Just try to picture what it would have been like to witness Jesus entering Jerusalem in Triumph; can you?  Just picture it, the great King of Heaven riding into the city, people line His route and they shout:

Hosanna to the Son of David.

Blessed is He who comes in the name of the Lord!

Hosanna in the highest!

And there He is; riding a donkey!

That is hardly the way a “normal” king would ride into His new capital…

…but Jesus is no “normal” King!  His Kingdom is not of this world, He was entering the city not to conquer Rome but to conquer sin and death.  The people were excited, the city was alive with anticipation, and the enemies of Jesus were no doubt quaking in their boots.  Even though He was King of a heavenly kingdom, Jesus entered God’s city nevertheless, and the picture is even more important than it would have been if He rode a mighty steed with thousands of troops behind Him, for if that were His mission that day, it might well have been yet another great occasion that history has all but forgotten.

Truthfully, history has often tried to forget Jesus and His arrival in Jerusalem that day, but it just can’t, for the impact of what He would do there that week is with us still, two thousand years later.  Jesus, the Great King was victorious in Jerusalem, even though it looked like He wasn’t.  He was all-powerful, even though it didn’t look that way with Him riding a donkey.  He utterly destroyed His Enemy there, even though it looked at first like the Enemy carried the battle.

In all honesty, Jesus completely confounded His critics and foes, for He was meek and mild, so different from the world of men; He didn’t play their game. He had a different agenda, and by that agenda you and I have hope all of these centuries later.  My hope is that we all will take time this week to pause in awe of all that Jesus did for us in Jerusalem so long ago…

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The Vision Rollout

We’ve been going through some ides on how to turn a church around so that it can grow both spiritually and numerically and begin to prosper for Christ.  Yesterday, we left off at the point where our leadership adopted a vision statement for the church which set out the elements contained in the “Great Commission” given by our Lord in Matthew 28:18-20.  Today, let’s pick up where we left off and I’ll tell you how we announced it to our people.church_clipart_white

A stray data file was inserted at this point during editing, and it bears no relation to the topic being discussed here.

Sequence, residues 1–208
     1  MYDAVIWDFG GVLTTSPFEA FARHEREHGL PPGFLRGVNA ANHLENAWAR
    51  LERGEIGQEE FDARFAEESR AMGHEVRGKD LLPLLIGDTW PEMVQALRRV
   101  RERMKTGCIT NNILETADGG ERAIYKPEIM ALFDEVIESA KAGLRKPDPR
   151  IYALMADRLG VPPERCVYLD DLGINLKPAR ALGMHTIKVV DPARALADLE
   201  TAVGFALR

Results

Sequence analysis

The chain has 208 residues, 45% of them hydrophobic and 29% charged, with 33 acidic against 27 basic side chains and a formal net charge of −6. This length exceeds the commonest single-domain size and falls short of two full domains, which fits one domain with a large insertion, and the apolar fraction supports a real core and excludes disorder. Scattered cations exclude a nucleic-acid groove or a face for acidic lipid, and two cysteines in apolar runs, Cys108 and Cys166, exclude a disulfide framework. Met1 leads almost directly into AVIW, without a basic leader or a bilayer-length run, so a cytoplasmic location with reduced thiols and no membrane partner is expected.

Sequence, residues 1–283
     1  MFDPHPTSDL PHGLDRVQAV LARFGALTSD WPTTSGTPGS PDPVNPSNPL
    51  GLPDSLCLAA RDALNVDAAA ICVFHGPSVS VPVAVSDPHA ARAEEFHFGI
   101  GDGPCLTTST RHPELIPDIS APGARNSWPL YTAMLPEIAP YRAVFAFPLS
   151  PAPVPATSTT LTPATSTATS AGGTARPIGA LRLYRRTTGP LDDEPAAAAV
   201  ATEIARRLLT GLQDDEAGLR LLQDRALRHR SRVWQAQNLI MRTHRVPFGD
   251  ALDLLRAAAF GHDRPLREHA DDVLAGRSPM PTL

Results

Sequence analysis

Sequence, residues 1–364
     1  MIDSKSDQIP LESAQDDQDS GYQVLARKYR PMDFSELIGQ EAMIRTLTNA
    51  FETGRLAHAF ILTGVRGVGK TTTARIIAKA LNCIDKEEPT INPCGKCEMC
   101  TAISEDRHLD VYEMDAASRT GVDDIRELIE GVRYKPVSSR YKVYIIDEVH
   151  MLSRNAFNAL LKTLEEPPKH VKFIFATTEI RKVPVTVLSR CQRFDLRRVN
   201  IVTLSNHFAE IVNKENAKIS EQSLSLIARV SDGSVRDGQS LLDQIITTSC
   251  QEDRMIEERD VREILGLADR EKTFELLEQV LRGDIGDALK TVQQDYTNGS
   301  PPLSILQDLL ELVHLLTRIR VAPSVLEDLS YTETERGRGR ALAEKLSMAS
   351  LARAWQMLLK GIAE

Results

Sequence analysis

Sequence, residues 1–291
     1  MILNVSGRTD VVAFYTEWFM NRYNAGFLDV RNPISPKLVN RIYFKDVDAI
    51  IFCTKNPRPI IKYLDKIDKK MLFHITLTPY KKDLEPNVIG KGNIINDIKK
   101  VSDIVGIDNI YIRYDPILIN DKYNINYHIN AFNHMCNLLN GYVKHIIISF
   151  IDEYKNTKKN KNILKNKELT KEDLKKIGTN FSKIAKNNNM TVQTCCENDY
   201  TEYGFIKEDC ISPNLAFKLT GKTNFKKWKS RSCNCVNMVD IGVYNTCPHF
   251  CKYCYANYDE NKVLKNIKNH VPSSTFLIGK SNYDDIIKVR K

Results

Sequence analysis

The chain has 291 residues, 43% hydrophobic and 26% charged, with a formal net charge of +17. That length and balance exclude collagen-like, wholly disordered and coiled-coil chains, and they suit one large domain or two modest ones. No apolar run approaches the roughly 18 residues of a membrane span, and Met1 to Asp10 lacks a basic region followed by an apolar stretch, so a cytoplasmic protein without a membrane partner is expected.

Since the vision our leadership adopted for our church was so very important to our future, we decided to make a really big splash to impress upon our people how important this was going to be in the life of our church. We set a date which was something like September 6, 2009 as the “official” roll out date.  In the four or five weeks leading up to that time, we advertised this special date and set about sprucing up the building.  This may sound strange to you, but it was a deliberate strategy to grab the attention of our congregation.  For one thing, the building needed a whole lot of “sprucing up.”  For another, it gave us an opportunity to win some of our very long-time members over to our way of thinking, for we were aware that if we try to do anything differently, there were some really wonderful people who would oppose us.  In one particular case, I recruited one of the most influential and intelligent ladies in our church to take charge of the redecoration of the church, a lady who really loved the place and wanted to make improvements that were long overdue.

By bringing her into the project, she became an ally to it rather than a potential critic, and since she was very influential with the ‘long-timers’ (the church had been founded in her living room) our new-fangled notions gained a hearing; very important!

We painted, we cleaned, we got new furniture… we gained immediate results that everybody could see and touch: we gained credibility for a leadership that badly needed it.  We also had a six-week sermon series leading up to the big day; two sermons from the Sr. Minister, two from the assistant minister and two from me, each dealing with an aspect of the purpose of the church.  You can guess which of us got to deliver the two “tough” ones!

This all came off with incredible success.  People joined in the work who seldom did much of anything, and the facilities got a whole new look to them which would help us as time went on; more about the “look” later in this series.